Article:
I’ve been home from China for a few months now, but realize I had a few last things written up that I hadn’t actually posted yet. I think I was waiting to see if the picture of market street dentistry turned out, but I still haven’t tracked it down and here I am about to head out on another trip, so here goes.
Our last full day in China, A and I took a train to Hangzhou, a UNESCO world heritage site about an hour outside Shanghai. That is, some portion of the area is apparently a world heritage site, but most of what we saw was relatively new. I’m talking structures built way back in 2002. In any case, we took a boat to an island and then another boat to a different part of the lake shore. It’s quite possible that there was older stuff hidden away that we missed, but we didn’t see it.
Everywhere we went was jam packed with tourists. Again, lots of shops selling junky souvenirs but still no shot glasses. If you want a toy that you pour water into that turns into a fountain of a little boy peeing, on the other hand, that’s your town. I didn’t get you one, so you’ll have to pick it up, yourself. Sorry…
Back in the main town, we enjoyed wandering around a pedestrian street and got some unusual desserts involving things like basil seeds and black sticky rice. We saw people walking around with little, deep-fried crabs on sticks. They looked like they’d be tricky to eat, but food on a stick is pretty universally popular.
Other observations about my experiences in China: Traffic is not as crazy as in Vietnam. Fewer scooters, more stoplights. That said, the rules of the road are different than in the US, and a “walk” signal should not be interpreted as indication of a pedestrian’s right of way. Unless pedestrians outnumber the scooters, scooters and bikes won’t stop at lights at all. Cars, trucks, and buses stop at lights (eventually) IF they’re going straight. If they’re turning, however, they don’t even slow down. because of all this, it was often safer to jaywalk than to cross with the signal. In any case, you definitely had to pay attention and look ALL directions before crossing. One thing that makes this tricky is that there are quite a lot of electric scooters. These are fast and (unless they’re carrying a creaky load), nearly silent, so they come out of nowhere. In terms of cars, Volkswagens were very popular, as were Buicks. I can’t remember the last time I saw a new Buick in the US, but in China they were pretty common.
The other danger on the streets was of a completely different kind. I’m referring of course to the spitting. Men and women, well dressed or not, could be heard and then seen “hocking a loogie.” Indoors, you’d hear the noise and then they’d spit into a napkin (at a restaurant) or into a “sanitary bag” (on the train). Incidentally, this is why it’s important to check the bags for their tear-off seal and not just assume it’s unused because it’s flat, and then stick your hand in to deposit a candy wrapper. For example.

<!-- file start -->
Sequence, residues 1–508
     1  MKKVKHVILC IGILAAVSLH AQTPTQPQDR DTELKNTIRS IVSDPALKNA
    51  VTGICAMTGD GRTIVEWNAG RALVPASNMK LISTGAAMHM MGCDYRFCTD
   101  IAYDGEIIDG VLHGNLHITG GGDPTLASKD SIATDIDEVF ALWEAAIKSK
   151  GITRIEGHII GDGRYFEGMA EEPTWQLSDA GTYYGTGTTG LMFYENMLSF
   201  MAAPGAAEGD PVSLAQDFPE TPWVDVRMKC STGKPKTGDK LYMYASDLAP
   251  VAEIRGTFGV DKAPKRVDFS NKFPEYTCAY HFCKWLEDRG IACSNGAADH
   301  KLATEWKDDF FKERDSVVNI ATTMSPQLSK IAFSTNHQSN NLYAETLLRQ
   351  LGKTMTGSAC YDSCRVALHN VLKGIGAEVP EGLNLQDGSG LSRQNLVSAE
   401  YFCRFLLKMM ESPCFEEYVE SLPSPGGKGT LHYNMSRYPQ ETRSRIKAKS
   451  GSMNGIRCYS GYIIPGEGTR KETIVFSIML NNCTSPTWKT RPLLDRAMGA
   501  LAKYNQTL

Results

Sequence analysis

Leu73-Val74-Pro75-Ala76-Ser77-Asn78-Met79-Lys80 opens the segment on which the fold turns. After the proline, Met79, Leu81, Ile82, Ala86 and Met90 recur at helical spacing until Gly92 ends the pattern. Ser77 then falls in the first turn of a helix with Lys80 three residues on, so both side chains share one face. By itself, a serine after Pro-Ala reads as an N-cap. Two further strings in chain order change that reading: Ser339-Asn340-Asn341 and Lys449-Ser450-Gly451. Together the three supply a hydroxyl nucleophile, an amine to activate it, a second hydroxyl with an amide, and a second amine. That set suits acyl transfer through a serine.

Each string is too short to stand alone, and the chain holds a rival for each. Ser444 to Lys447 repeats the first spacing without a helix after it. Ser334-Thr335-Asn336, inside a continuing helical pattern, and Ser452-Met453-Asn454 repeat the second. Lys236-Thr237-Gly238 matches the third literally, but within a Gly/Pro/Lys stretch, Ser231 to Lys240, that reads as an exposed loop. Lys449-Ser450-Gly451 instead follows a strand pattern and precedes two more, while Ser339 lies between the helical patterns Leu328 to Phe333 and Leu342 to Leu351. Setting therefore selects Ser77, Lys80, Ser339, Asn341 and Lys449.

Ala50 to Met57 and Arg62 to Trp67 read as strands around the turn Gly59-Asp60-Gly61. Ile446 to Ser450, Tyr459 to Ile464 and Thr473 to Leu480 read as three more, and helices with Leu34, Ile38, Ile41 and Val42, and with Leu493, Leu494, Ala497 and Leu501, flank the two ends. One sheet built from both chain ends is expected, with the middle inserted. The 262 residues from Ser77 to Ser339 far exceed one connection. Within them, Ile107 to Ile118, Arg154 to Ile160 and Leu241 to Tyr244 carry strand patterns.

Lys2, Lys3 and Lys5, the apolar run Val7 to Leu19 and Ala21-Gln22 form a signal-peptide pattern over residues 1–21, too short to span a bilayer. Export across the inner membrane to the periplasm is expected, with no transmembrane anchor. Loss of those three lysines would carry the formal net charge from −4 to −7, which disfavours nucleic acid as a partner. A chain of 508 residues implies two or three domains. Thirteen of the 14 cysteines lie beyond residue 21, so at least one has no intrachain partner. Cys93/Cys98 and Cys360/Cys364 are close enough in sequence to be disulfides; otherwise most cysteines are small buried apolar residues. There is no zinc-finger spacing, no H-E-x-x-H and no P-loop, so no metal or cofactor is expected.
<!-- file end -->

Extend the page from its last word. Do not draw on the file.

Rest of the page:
On a related note, very few of the restrooms we visited had soap. I like to imagine that kitchens have it, but I didn’t really want to find out for sure. In any case, I was happy to have had hand wipes and sanitizer with me. I know, I know, I’m a germophobe. One good thing I can say about Hangzhou is that at least the public restrooms were pretty clean and had soap.
In the train station bathroom in Shanghai, we saw a boy washing his feet in the sink of the ladies room. Then, he reached in the basin and splashed water on his face. Then when a woman spoke sternly to him, he trotted over to the men’s side and began washing his feet over there (we could see the sink area from the woman’s side). He had no shoes. Still curious what his story was.
Speaking of having things (and buying things), I found it challenging to shop in China. It wasn’t clear to me which shops had fixed prices, and which were places that you shouldn’t dream of paying the quoted price. Market stalls were obviously the latter, but shops varied. Musical instruments – haggle. Clothes – haggle sometimes, sometimes not. Grocery stores – firm prices. The thing that made it especially challenging for me was that part of what you need when buying something is to know how to evaluate its quality — you can’t rely on the quoted price or the words on it (whether brand names or information about the materials used). “100% silk?” Real wood? Maybe, maybe not. Sellers did things like pull a thread, light it on fire, and rub it out, or to sand the backside of a carving, in both cases then holding it up to let us smell. I don’t know what burnt silk is supposed to smell like, or how it differs from burnt fake silk. Maybe I’d know it if I smelled it, maybe not, but buyer beware. And be educated.
Then comes the pricing game. It’s quite a dance, and they know all the fancy steps. Opening with an absurd price, then reminding you throughout the conversation about how far they’ve come down from that original price, each time typing the number into a calculator for clarity and dramatic effect. “Usually 350, then I said (clear calculator) 280, then I said (clear) 200…” for something that should probably go for 50. But who knows!
All in all, it was a good trip, and I hope to be able to make it back to China soon — maybe even before my visa expires. I could really go for some scallion pancakes about now.